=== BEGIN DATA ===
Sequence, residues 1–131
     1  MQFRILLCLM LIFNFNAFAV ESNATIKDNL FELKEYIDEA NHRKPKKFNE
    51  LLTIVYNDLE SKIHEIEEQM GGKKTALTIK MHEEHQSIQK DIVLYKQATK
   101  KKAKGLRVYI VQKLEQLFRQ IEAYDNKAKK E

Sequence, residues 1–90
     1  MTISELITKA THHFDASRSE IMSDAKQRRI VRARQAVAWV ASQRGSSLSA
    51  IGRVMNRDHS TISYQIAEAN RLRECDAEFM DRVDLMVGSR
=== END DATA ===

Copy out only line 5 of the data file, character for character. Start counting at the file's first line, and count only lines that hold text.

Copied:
Sequence, residues 1–90